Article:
Crossroads for Maintenance of Certification?

Dr. Amos and the white elephant necktieSo I see Dr. Nora, President and CEO of the American Board of Medical Specialties (ABMS) notices the “disconnect” rank and file physicians have relative to our view of Maintenance of Certification (MOC), reported on in a recent issue of Psychiatric News:

Some doctors love it while others hate it. Most hate it. And, as usual, the biggest disconnect is is the persisting blind spot ABMS has for hard-working physicians who have been energetically engaged for years in continuous improvement in the quality of care we provide to patients.

The disconnect the ABMS and other boards have from the majority of doctors is their failure to admit that MOC actually contributes to burnout by interfering with our pursuit of the best possible health care for patients because of the imposition of empty busy work in the form of Performance in Practice (PIP) requirements which are irrelevant to our patients and which may in fact ultimately lead to poorer quality care.

As we prepare to welcome our new residents and medical students (here comes July!), we again are faced with the hard reality that the motivation to improve comes from within, not imposed from without by board executives who barely practice medicine.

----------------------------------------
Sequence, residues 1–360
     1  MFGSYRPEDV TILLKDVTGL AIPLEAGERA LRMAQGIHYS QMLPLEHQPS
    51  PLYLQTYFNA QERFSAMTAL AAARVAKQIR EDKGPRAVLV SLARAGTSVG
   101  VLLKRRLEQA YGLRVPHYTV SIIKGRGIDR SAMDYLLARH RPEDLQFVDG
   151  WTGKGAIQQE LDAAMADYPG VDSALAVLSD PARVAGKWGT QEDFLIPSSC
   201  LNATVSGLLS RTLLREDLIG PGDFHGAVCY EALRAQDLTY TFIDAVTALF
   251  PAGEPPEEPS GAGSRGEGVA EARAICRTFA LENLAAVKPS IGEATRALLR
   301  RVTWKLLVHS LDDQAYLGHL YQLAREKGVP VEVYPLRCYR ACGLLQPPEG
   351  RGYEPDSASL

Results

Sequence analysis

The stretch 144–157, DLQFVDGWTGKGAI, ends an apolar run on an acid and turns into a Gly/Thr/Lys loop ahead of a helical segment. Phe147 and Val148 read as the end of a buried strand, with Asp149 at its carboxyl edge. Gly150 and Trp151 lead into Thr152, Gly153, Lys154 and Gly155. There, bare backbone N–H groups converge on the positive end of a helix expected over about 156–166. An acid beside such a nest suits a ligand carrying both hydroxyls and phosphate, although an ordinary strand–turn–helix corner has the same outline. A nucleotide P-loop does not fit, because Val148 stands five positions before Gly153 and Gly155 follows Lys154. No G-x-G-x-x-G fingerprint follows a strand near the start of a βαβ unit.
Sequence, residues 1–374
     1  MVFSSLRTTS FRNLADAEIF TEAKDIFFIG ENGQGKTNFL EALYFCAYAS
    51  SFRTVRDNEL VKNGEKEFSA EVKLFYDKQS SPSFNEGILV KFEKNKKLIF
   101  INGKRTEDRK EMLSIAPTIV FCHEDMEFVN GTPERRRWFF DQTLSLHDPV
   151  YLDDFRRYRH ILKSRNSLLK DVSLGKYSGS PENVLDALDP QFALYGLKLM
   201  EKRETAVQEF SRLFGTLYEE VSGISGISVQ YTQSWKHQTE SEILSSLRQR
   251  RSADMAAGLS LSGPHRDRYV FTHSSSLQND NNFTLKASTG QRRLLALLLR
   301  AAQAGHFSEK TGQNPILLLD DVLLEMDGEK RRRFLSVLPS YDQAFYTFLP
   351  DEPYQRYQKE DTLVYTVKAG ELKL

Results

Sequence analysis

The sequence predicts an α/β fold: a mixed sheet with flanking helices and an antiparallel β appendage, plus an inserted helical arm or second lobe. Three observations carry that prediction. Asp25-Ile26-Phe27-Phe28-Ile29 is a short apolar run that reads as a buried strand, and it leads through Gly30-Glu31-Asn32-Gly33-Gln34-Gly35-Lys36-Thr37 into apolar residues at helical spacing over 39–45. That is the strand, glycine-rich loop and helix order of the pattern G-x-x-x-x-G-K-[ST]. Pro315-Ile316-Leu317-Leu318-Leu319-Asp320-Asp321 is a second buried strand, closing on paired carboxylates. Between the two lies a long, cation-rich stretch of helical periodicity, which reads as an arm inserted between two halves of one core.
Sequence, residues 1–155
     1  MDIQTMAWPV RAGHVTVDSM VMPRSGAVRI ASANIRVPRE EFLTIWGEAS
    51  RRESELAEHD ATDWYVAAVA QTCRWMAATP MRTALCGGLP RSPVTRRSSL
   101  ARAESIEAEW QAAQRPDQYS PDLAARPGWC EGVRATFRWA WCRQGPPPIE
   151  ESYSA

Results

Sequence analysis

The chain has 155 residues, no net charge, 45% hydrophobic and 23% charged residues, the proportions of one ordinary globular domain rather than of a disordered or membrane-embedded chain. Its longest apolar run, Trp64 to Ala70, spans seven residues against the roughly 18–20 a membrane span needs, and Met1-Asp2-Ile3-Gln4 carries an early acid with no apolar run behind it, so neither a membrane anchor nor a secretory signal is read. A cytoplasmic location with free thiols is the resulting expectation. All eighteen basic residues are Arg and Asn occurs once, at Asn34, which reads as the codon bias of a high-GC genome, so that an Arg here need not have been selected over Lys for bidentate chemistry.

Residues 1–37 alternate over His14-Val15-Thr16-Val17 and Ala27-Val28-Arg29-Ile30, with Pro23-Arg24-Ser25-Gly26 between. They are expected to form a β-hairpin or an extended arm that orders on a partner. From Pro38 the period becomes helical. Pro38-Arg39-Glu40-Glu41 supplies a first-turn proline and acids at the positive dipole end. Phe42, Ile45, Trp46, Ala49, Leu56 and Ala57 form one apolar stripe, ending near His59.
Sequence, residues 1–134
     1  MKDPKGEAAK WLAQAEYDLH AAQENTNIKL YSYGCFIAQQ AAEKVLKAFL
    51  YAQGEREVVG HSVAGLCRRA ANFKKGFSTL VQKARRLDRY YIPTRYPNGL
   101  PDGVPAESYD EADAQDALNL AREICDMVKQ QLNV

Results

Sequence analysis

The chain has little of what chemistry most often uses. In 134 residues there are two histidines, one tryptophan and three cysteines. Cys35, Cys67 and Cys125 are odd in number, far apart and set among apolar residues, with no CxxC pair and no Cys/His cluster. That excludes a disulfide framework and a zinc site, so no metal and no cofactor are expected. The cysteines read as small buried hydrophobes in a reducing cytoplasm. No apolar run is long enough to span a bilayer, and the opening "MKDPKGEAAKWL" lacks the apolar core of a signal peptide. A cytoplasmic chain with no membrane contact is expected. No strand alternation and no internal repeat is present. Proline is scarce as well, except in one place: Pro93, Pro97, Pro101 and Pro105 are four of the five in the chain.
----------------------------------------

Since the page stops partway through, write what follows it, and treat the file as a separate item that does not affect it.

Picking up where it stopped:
The next generation of doctors are at a crossroads. They must embrace the principle of practice-based learning no matter what form it takes. One is an externally mandated rule which will be viewed as unnecessary, stifling, and trivial in most instances by creative self-starters. The other form is what countless physicians who are respected and even loved in their communities truly embrace…the ideal of medicine as a calling.

I’m proud of what I do and I’m proud of what my trainees do. I’m not proud of the ABMS or any other certification board, the leaders of which fail to recognize and respect what we do in the real world every day. There are other crossroads here. The Performance in Practice (PIP) module must be reformed or be abandoned. And certain board executives may have to rethink their roles as leaders and decide whether or not they truly serve patients and the physicians who care for them.

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